Friday, June 10, 2011

How geeks make ice cream

Mike brought dry ice home from the lab. He does that sometimes. We throw it into bowls of colored water to create lots of smoke, blow up plastic bags, generally mess around. Tonight Mike and Sebastian came home with a plan: They were going to make ice cream.

I was in the kitchen when they came barreling through the door with a cooler of dry ice. Sebastian (four) charged into the kitchen, "Mommy, we are going to do an experiment. We are going to make ice cream!" "Oh," I said. Their plan was to use milk with some peppermint extract. I suggested using the chocolate milk I forgot to drink this week. (We get one bottle of chocolate milk a month from South Mountain Creamery and split it. It tastes just like melted ice cream so I thought it might good to turn into ice cream.)

Out came the blender. Into it went chocolate milk and peppermint extract. On went the blender, and into the mixture went pieces of dry ice. Then came the mess as the combination of dry ice and rotating blade created a mass of foam that went everywhere.

Too much dry ice too quickly. So they had to slow down how fast they were adding it.

First taste, and Mike couldn't stand it. Sebastian, of course, loved it. But it wasn't getting cold fast enough. So Mike tossed in a couple of teaspoons cocoa and many tablespoons sugar and start it going again. It got cold, but it wasn't freezing, which surprised us all.

But it made many big messes, as dry ice went in and created an explosion of bubbles that poured out the top of the blender and over the counter. Finally, resigned to the disaster and hoping for something ice-cream-like before Sebastian's bedtime, I suggested that it might freeze better in the stand mixer. The mixture went into the bowl, and we set it up to go.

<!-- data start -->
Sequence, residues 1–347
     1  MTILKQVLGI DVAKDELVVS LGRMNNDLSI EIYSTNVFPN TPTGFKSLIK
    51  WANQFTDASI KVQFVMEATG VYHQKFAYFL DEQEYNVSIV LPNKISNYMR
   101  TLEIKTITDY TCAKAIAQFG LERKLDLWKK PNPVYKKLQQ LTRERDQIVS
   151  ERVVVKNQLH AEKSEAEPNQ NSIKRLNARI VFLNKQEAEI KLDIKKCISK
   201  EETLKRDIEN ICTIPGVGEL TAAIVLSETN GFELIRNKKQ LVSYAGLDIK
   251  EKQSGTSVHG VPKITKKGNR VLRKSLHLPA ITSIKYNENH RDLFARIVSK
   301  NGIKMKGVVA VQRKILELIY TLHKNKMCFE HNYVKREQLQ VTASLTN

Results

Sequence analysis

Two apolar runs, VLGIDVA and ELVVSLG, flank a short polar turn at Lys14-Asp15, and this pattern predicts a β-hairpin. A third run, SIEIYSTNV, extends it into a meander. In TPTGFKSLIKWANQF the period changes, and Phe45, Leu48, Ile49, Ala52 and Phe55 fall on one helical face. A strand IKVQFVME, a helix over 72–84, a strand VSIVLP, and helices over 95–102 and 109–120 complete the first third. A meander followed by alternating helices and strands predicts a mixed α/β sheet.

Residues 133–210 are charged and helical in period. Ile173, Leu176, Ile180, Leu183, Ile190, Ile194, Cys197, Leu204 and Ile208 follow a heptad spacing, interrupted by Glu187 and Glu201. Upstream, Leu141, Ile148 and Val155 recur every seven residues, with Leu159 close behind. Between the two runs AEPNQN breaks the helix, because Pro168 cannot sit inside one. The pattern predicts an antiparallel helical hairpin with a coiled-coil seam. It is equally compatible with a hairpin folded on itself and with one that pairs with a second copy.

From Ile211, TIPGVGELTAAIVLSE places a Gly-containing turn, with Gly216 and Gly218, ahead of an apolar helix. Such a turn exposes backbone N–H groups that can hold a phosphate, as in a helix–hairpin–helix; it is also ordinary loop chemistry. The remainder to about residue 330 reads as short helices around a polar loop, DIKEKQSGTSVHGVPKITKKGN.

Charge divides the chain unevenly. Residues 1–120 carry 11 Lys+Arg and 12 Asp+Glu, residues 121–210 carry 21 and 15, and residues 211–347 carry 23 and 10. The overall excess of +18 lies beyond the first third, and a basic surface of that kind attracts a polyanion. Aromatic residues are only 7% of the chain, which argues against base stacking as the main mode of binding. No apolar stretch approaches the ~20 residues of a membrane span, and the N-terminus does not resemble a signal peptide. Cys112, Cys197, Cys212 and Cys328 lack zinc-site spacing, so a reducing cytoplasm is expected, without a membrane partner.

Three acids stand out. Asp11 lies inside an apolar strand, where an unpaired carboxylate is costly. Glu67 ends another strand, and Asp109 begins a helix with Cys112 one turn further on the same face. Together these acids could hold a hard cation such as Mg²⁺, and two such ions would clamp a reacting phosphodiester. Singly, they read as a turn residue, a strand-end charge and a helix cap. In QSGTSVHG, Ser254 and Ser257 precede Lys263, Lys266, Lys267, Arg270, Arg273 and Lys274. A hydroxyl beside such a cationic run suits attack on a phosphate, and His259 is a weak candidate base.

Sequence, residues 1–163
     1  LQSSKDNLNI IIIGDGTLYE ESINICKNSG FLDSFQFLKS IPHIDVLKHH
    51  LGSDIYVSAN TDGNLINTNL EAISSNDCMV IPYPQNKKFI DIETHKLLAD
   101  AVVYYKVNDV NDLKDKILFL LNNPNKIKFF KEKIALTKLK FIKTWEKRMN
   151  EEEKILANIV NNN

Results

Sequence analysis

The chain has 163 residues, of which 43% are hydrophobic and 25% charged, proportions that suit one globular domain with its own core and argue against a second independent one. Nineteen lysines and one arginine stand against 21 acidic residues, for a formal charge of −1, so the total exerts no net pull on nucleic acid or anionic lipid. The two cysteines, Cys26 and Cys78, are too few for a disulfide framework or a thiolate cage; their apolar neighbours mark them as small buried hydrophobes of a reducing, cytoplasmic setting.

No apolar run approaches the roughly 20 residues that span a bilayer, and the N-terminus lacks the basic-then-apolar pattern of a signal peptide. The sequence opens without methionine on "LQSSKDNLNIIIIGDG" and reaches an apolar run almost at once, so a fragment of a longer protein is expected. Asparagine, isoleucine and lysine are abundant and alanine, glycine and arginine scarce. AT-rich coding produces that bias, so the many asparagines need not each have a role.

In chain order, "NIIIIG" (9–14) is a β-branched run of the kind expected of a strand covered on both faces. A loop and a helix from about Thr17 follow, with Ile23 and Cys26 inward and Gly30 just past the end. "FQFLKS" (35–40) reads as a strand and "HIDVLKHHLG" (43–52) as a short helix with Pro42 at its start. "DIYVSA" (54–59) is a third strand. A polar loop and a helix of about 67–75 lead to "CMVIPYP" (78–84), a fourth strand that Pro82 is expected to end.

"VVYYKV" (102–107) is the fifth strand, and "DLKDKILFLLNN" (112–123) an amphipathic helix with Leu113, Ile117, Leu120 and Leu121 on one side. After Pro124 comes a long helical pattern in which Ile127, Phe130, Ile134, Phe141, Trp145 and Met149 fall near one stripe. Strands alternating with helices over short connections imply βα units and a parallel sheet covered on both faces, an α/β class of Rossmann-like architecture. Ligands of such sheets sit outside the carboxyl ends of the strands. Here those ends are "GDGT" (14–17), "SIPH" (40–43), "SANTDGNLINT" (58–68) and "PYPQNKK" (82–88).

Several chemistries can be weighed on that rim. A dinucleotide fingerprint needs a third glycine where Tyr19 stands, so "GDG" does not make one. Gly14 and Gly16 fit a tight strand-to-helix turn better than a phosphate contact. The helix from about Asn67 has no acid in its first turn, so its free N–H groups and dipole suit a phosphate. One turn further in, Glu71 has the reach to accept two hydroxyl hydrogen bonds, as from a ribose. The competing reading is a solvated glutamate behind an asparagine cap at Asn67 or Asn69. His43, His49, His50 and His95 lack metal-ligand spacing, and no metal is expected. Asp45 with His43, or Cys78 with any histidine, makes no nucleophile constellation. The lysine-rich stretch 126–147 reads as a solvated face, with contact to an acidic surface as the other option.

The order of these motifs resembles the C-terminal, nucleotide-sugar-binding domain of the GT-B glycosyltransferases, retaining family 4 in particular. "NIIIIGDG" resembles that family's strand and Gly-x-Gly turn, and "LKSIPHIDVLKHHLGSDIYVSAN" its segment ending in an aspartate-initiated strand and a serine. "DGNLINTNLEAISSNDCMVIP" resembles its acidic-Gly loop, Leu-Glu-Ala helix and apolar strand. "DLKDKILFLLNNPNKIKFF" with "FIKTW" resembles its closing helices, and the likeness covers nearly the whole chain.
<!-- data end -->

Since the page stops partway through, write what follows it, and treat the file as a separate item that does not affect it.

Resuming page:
We turned the machine up a few notches, but when we had it up too high, bits of dry ice would fly out of the bowl. So we slowed it down and added the rest of the dry ice to the mixture.

Finally, the mixture grew thicker and more solid. The bowl of the machine became extremely cold. We stopped the machine to scrape down the sides, where the mixture had become nearly solid and chunks of dry ice remained. We mixed some more.

And, then, ta-da, ice cream!

We doled it out into three bowls and ate it right then and there. It was awful. Chunks of dry ice were left in the mix (Mike got one in his mouth, which made his teeth feel spongy). The dry ice had created an unpleasant texture like frozen carbonation. The flavor was really weird, dominated by strong peppermint and without a lot of body.

Nonetheless we ate it all, Sebastian with more gusto than Mike or me, but he's into the sweet stuff. It was the worst ice cream I have ever eaten, but probably the most memorable ice cream experience I have ever had.

Lessons learned:

  • Have a recipe for an ice cream mix. 
  • Don't use dry ice. 
  • If you are determined to use dry ice, don't make it in a blender. The narrow space and gas build-up causes the liquid to shoot up out of the blender. Use something with a lot of room for the gas to expand and dissipate, as in the bowl of a stand mixer. 
  • Don't use dry ice.    

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